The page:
When interviewing for a job, it is just as important to be aware of the company’s work as it is to be aware of its policies and initiatives. Taking the time to prepare your questions for a potential employer can not only impress in an interview but will also allow you to compare the employer’s values with your own. 


  • Review the organization’s diversity statements, and any programs and initiatives. Highlight aspects of the statement that resonate with you and generate questions.
  • Review the website and look for the diversity in the staff and leadership profiles.
  • Use Emerge and LinkedIn to see if there are any alumni who work, or who have previously worked there.

Write Up Your Questions

Write down 1–2 questions that will generate the most comprehensive answers. Reference company information to provide context for your questions.

  1. What are some of the ways you’ve focused on cultural competency for your team?
  2. What professional development opportunities for diversity are available for staff?
  3. I enjoyed reviewing and learning about your Task Force for Meaningful Change statement. Can you talk more about the D & I programming that has been developed?
  4. I reviewed your announcement for the DEI Advisory Committee and its plans. Can you talk more about the mandatory education courses that employees are required to take?

Here are other questions to ask to get a sense of what the company values and the work environment:

  1. How would you describe the culture of (name of organization or department)?
  2. What are ways in which staff are provided the tools and resources to communicate efficiently, especially in diverse groups?
  3. How has the organization managed issues and needs of staff during the pandemic?

Just like when on the road, we have traffic lights to let us know if we can continue driving, slow down, or some to a complete stop. Consider traffic lights as an analogy for how to consider opportunities when on an interview.

Questions an Employer Can Ask You

  • Are you eligible to work in the United States?
  • Can you tell us about your experience working with or leading diverse groups of people?
  • Can you please expand on what aspect of our diversity statement resonated with you? (If you brought this up to them earlier.)
  • What languages do you speak or write fluently? (If the job requires being bilingual.)

While the employer cannot ask you about their religious background, they can share with you the required work schedule to avoid conflicts with holidays or other observances.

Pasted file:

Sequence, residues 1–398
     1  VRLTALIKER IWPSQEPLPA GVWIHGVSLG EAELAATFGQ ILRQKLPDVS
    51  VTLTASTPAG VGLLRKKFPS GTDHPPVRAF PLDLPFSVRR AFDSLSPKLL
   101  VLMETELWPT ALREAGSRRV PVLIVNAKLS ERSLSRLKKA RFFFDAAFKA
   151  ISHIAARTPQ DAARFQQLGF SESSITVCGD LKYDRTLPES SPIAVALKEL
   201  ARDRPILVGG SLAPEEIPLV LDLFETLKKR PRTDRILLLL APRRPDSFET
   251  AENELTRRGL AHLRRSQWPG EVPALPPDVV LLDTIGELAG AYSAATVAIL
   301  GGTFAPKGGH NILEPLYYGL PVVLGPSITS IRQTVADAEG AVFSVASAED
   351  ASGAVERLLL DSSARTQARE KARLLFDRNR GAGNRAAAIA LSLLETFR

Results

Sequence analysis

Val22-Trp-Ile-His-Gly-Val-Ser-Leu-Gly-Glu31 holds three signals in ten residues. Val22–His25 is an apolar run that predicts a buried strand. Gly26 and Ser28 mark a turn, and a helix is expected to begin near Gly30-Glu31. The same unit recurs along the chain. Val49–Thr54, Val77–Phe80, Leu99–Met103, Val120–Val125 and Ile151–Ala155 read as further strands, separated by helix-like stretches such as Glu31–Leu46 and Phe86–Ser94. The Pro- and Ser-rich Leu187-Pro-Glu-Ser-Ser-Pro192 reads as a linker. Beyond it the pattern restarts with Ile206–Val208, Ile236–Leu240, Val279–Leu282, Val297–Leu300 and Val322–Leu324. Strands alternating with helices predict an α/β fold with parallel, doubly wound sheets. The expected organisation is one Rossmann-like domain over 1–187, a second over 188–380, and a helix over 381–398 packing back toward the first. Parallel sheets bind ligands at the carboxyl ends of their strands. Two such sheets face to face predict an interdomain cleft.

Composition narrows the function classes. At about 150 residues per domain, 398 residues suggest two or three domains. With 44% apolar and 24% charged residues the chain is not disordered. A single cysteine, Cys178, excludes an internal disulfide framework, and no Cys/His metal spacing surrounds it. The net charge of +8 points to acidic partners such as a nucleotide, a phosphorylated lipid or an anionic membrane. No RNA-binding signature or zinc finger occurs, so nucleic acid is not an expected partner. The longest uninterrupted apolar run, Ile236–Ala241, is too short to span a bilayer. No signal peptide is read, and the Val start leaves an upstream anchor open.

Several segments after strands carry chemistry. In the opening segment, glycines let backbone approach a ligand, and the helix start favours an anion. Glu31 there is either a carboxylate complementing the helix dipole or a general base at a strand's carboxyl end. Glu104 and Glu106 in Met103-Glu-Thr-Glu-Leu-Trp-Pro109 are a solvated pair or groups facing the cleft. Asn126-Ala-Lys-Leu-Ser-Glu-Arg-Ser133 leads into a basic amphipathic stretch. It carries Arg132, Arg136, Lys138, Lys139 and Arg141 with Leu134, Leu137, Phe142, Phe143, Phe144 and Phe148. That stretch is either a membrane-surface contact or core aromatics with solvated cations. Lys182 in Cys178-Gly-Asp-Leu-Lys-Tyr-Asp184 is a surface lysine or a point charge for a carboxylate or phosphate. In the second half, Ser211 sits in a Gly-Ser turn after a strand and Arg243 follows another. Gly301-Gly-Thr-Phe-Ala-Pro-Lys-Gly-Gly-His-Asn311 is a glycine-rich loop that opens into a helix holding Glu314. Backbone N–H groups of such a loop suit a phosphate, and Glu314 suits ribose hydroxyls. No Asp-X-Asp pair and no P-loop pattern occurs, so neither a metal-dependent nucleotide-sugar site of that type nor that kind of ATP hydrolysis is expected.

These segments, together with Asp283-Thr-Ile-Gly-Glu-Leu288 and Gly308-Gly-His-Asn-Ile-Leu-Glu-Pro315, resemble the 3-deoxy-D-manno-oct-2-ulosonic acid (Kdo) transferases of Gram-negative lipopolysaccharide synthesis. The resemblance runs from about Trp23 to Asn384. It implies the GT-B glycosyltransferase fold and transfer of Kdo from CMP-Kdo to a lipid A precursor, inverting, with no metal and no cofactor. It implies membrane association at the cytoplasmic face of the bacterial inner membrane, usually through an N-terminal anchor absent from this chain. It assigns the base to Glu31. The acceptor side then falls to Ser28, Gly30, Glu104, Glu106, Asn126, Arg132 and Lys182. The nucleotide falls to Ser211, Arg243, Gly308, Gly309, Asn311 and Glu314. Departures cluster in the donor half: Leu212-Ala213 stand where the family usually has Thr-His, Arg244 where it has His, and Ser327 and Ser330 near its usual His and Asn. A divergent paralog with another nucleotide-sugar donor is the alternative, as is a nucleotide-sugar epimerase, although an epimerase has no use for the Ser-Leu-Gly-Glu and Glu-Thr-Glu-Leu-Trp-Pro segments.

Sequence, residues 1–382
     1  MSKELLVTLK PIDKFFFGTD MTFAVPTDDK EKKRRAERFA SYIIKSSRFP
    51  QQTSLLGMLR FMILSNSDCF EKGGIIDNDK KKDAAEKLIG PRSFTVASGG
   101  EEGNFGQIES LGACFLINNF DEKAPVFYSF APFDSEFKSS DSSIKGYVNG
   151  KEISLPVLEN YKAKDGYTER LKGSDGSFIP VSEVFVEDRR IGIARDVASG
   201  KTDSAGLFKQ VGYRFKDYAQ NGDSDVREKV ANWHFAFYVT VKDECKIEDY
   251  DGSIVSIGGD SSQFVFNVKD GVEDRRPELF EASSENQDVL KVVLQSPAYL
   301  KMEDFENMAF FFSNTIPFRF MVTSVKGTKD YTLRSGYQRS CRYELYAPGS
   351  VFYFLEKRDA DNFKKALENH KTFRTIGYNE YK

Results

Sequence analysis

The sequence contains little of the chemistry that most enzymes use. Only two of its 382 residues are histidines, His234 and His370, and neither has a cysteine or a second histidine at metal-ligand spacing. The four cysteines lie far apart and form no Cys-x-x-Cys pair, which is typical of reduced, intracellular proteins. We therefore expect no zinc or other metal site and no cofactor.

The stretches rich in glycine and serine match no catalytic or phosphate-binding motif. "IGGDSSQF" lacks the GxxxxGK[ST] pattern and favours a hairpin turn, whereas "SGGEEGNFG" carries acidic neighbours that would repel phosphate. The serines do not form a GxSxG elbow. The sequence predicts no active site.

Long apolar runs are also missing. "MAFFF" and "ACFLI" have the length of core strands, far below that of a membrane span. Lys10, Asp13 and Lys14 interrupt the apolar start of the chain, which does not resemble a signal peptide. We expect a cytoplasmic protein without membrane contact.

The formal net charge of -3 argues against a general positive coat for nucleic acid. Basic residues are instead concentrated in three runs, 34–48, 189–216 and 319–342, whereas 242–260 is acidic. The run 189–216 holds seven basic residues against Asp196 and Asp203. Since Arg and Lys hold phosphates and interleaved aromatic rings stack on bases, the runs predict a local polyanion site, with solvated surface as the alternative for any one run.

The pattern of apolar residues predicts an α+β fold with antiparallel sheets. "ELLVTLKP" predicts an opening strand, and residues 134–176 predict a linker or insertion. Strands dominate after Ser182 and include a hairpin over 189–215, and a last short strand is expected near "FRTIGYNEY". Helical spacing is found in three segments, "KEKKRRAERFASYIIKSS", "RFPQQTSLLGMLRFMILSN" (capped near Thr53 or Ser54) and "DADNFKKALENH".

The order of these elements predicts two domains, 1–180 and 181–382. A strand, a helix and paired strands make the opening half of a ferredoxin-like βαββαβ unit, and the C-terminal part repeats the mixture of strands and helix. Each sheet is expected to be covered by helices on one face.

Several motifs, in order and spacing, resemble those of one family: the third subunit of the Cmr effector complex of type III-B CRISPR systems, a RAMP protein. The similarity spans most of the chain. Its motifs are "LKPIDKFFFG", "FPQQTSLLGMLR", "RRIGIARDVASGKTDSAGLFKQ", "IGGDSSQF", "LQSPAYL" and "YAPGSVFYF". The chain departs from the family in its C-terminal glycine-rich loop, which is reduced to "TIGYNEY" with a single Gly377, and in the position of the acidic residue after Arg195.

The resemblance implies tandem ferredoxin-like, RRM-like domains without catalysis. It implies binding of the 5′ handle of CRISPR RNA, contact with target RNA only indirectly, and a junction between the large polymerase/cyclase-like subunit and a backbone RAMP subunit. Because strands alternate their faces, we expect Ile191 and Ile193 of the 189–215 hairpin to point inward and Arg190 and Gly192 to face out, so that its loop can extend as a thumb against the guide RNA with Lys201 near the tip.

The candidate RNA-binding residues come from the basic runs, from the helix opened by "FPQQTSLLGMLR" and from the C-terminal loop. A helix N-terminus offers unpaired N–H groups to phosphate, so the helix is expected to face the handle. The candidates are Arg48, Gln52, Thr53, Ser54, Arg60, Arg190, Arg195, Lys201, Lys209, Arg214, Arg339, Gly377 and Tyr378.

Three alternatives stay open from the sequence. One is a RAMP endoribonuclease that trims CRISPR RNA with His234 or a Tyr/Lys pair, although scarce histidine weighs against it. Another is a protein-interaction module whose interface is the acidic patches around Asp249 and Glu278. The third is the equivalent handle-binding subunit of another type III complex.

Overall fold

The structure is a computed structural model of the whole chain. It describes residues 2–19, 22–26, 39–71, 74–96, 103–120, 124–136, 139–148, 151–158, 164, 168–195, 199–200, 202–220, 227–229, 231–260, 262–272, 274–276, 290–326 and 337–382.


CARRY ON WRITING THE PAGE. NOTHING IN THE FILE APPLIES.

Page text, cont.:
Questions an Employer May Ask, but Proceed with Caution

  • Where are you from?

This is sometimes asked after a rapport has been established between you and the interviewer. It can be a great way to get to know you, but at times to get more information about your background.

Questions an Employer Is Not Allowed to Ask

  • Are you married?
  • How old are you?
  • Do you have any children?
  • What country are you from?
  • Where is your family from?
  • Do you have any disabilities?

Compensation and Benefits

This conversation around salary and benefits is usually brought up during the second round of interviews. For specific information on this topic, see our Salary Negotiation Guide. Additional information on benefits is often included during the job offer, when the employer discusses in more detail. This is when you can learn about things such as workplace accommodations, family and medical leave, and other benefits.

Tips to Keep in Mind

Make as many helpful connections as possible

It’s great to seek out alumni who worked at or currently work at an organization you’ll be interviewing with. They can provide you with information about their experience. Emerge and LinkedIn are great resources for building your network for this purpose.

Companies are a work in progress

No two companies address DEI in the same way. Keep that in mind when on the interview and asking about the committees, programs, and initiatives established.

Establish your career community outside of work

Your employer is one of the many ways you can address and advocate for diversity and inclusion. This is both for yourself and for others. Follow thought leaders and organizations whose sole purpose is DEI, as well as Emerson alumni in the field.